Dik Dik

The Dik Dik belongs to a group of tiny antelopes that live throughout regions of Africa, of which there are four species, which make up the taxonomic genus Madoqua. Most of them stand just a foot tall. The different species are the Silver, Salt’s, Gunther’s, and Kirk’s species. Read on to learn about the Dik Dik.

Description of the Dik Dik

All four species of these animals are tiny compared to other antelope species. They have slender legs, and slightly hunched backs, with their hips taller than their shoulders. They have elongated nostrils, though not as drastically as the Saiga antelope.

Males grow short horns, which emerge from their heads quite straight and point slightly backwards. Their horns are just a few inches long, and normally grow to a maximum of 3 inches. Most of these tiny antelope are around a foot tall, and weigh about 10 pounds or so.

Interesting Facts About the Dik Dik

These little antelopes have several different adaptations and traits that make them unique. Learn more about each species below.

  • Kirk’s Dik Dik – This species is the largest of the four, and the largest individuals stand at a whopping foot and a half tall! Even the largest of the species is incredibly small. Researchers recognize six different Kirk’s subspecies throughout their range.
  • Gunther’s Dik Dik – This little antelope lives in East Africa. They have tufts of fur that point up from the tops of their heads. In females, which lack horns, this fur tuft gives them a unicorn-like appearance.
  • Silver Dik Dik – These are the smallest of the four species. Most individuals stand no more than a foot tall at the largest. They also weigh just five or six pounds. As their name suggests, Silvers have silvery fur along their backs and sides.
  • Salt’s Dik Dik – Traveler and diplomat Henry Salt discovered this species in 1811 in Abyssinia. Salt’s is closely related to the Silver, and they even share a subgenus. Scientists recognize five different Salt’s subspecies.

Habitat of the Dik Dik

These little antelopes usually live in semi-open areas with plenty of low vegetation to hide in. However, the shrubbery cannot be too overgrown, because the antelopes cannot spot predators.

Some of their preferred habitats are thornbush, savanna, grassland, and woodland edges. They primarily live in arid regions with low rainfall, and their long snouts help them disperse heat during the highest temperatures in these desert-like habitats.

Distribution of the Dik Dik

The different species have different ranges and distributions. All four species live in different regions of Africa. The Gunther’s species lives in East Africa, including parts of Somalia, Ethiopia, Uganda, Kenya, and Sudan.

Salt’s species also live throughout parts of Ethiopia and Somalia. The Kirk’s species ranges through some areas in Somalia, Kenya, Angola, Namibia, and Tanzania. Finally, the Silver species lives in some regions of Somalia and Ethiopia.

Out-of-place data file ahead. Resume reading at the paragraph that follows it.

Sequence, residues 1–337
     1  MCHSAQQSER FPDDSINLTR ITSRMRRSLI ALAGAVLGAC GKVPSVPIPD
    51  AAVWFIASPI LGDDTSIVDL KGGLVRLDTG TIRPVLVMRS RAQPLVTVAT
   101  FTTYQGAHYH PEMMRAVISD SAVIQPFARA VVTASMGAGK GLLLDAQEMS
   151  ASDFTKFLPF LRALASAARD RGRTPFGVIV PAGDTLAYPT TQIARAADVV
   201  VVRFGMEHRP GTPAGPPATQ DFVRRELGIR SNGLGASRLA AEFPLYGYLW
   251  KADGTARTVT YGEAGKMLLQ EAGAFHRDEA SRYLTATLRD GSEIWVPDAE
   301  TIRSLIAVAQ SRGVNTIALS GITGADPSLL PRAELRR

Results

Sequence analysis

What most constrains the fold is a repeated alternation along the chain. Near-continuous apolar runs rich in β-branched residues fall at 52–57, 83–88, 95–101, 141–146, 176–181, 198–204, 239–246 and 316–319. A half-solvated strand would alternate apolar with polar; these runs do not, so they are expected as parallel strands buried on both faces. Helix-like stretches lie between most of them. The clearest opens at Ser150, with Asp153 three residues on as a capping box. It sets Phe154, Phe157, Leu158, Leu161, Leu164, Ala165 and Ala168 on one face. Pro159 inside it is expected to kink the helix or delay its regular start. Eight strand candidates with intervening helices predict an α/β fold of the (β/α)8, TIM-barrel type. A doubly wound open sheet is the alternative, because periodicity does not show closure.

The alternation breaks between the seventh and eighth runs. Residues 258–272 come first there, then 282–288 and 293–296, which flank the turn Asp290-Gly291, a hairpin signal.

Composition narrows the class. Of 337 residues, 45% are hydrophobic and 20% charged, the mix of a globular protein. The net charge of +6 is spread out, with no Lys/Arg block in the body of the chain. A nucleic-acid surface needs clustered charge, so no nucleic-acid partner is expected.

Diet of the Dik Dik

All four species are herbivores, which means they eat plants. They are primarily browsers, and eat leaves, buds, stems, and other parts from trees and shrubs. However, they do graze on grasses occasionally.

Because they live in arid regions, it pays to feed on leaves because they have higher water content. Even though they are smaller than other antelopes, these must eat a lot of food in relation to their body size. Some species are pickier about the plants they eat than others are.

Dik Dik and Human Interaction

Humans hunt all four species of animals. Though they hunt the antelopes for their meat, one of the primary motivations for hunting these little mammals is their hide. People use their hides to create suede gloves, despite the fact it takes an entire animal to produce a single glove!

Habitat destruction also impacts these little antelopes. However, their populations are healthy, and the IUCN lists three of the four species as Least Concern. They lack enough information to conclusively list the Silver species’ conservation status.

Domestication

Humans have not domesticated Dik Diks in any way.

Does the Dik Dik Make a Good Pet

No, these animals do not make good pets. Even though they are quite small, they are still wild animals and do not make good household pets. In many places, it is illegal to own one as a pet.

Dik Dik Care

Different zoos across the world house these little antelopes in their collections. Some species live in small herds, depending on their natural social structure. Their enclosures are not quite as large as some other antelope species, and contain a variety of shrubbery and hiding places for these shy animals.

Zoos feed these animals a variety of fresh plants, hay, and pelleted herbivore feed. They also provide a number of edible plants in the antelope’s enclosure for them to forage on.

Behavior of the Dik Dik

All of the species are quite shy, and spend much of their time hidden in shrubbery. They are diurnal, or active during the day. Most of their foraging occurs during the early morning and late afternoon.

Their social structure varies from species to species. Some live in small herds, others live in pairs or family groups, and others live alone outside of the breeding season. Many species defend territories, and use urine or feces to mark the boundaries of their territories.

Reproduction of the Dik Dik

Most species breed twice per year, and some eject the previous fawn when their next is born. Their gestation period lasts between five and a half and six months. Females give birth to a single fawn, which looks like a miniature version of an adult.

After three or four months the female begins weaning the fawn off her milk. The fawns reach adult size when they are about seven months old, and breed when they are a year old.

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